Editorial note: This blog is the third in a six-part series featuring our free Lenten resource, "A Scriptural Pilgrimage to Christ Through Lent," written by Lenny DeLorenzo.
There are usually two versions of reality happening simultaneously. One is made up of the motives and intentions surrounding our actions and conduct that we project and display to each other. The other is sourced in what each of us really thinks, intends, and attempts. There is, in other words, what we say we are about and what we are really about. Sometimes these two versions overlap, but more often the latter hides behind the former, like Oz himself operating behind his impressive performance.
Jesus sees right through. To him, there is no hidden life, just as in him nothing is hidden. He is who he shows himself to be, and he sees who we really are behind who we show ourselves to be. He sees reality, not manufactured versions. Actually, his vision is reality, so that what and how he sees is the measure of what is real.
The psalmist was stunned into recognition before the gaze of the Lord, confessing:
Even the darkness is not dark for you,
the night is as bright as day;
for darkness is as light with you.
(Psalm 139:12, RSV)
Humility like that is the beginning of wisdom. The psalmist does not say that he has amended his ways; rather, he confesses that the Lord sees all. He has admitted that his own charades are ridiculous in the face of the One who is all truth. The constant, probing gaze of the Lord is both comforting and troubling. We are known in his gaze. The pilgrimage of Lent must pass into that gaze if we are to allow the Lord to embrace us, as we are.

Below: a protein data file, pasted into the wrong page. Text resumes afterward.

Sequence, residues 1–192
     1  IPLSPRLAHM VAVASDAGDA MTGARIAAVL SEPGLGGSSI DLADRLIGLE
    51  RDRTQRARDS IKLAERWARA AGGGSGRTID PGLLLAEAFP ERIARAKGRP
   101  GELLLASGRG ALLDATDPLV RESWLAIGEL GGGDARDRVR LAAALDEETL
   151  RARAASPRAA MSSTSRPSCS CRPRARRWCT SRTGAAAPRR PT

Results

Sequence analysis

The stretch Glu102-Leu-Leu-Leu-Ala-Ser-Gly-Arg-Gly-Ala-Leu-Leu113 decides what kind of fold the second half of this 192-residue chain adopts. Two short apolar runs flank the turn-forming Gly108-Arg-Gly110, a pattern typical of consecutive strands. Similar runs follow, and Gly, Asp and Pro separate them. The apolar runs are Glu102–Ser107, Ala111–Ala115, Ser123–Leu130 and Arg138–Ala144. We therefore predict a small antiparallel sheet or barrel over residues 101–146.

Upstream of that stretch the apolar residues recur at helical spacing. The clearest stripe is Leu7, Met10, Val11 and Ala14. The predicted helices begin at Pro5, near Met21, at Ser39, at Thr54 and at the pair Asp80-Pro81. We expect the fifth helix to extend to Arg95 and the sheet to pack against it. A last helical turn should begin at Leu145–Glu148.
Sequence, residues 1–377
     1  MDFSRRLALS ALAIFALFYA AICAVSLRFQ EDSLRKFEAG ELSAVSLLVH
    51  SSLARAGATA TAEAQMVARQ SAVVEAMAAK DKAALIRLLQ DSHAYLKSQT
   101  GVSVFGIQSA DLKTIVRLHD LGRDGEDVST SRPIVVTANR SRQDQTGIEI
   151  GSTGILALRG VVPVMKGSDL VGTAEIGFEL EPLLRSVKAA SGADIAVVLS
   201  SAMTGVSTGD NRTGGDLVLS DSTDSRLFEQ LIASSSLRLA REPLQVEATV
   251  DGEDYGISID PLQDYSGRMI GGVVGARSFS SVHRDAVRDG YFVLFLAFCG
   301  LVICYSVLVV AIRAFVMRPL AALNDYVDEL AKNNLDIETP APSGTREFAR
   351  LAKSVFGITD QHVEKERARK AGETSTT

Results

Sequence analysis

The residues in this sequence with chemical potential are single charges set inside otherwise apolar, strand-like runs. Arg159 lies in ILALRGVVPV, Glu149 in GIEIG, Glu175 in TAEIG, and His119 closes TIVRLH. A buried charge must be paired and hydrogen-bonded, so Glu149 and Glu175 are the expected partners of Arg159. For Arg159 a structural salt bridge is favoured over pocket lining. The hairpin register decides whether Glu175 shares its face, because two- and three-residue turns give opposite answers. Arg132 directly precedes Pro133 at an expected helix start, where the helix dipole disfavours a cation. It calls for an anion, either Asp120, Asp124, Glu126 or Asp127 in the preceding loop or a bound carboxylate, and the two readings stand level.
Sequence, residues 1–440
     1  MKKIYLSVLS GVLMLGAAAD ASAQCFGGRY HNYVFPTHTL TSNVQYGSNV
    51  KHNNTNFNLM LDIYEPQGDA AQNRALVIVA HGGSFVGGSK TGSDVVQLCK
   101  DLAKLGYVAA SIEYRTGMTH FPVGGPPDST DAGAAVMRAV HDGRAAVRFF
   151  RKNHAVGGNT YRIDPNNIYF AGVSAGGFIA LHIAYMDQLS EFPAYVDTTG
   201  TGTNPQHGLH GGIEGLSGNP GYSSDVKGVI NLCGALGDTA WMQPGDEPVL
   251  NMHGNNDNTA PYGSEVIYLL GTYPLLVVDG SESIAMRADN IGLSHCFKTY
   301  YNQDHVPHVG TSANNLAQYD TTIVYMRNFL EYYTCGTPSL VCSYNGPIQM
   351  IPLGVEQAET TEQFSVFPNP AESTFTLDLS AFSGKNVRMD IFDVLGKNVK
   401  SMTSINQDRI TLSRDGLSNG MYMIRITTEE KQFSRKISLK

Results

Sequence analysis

There might be no more disturbing question than the one Jesus asks of the scribes and Pharisees: “What are you thinking in your hearts?” (Luke 5:22). From that place where your will originates, where your motives emerge, where your operative desires swirl, Jesus presses his listeners to take stock of what is coming forth. He does not accept the charades, even and especially the charades of religious zeal and scrupulosity. He has no time for that. He goes right to the heart because he sees what is really going on.
When Jesus asks questions of Mary or concerning Mary––questions like “Did you not know I must be in my Father’s house?” (Luke 2:49), “Who is my mother?” (Matthew 12:48), and “How does your concern affect me?” (John 2:4)––he is not unveiling some duplicity in her as he was with the scribes and Pharisees. Rather, he is provoking her agency. She, who is immaculate, perpetually gives her will over to God’s providence. Rather than recede into passivity, she moves into ever greater activity. She who received her Son at the word of the angel now receives him more deeply in his Father’s house. She who is his Mother by birth is also his Mother by faith. She who has allowed herself to be wholly affected by Jesus deigns to allow her own concern to affect him. Just as the Lord is not looking for duplicitous performers, he is also not looking for spineless followers. He wants the hidden life to become visible so that those who hear his voice will follow him with their whole heart. And that means being honest with him, even laying your concerns on him as if he himself will be moved by what we care about.
It is easy to make Lent into a performance. Jesus has no time for that. When he questions us, he questions our desire to make a performance out of our motives and intentions. The first step to following him is always the step of humility, of reckoning with the fact that there is no hiding from his gaze. Only beginning from there will he lead us to reckoning with him as partners in the new life he brings.
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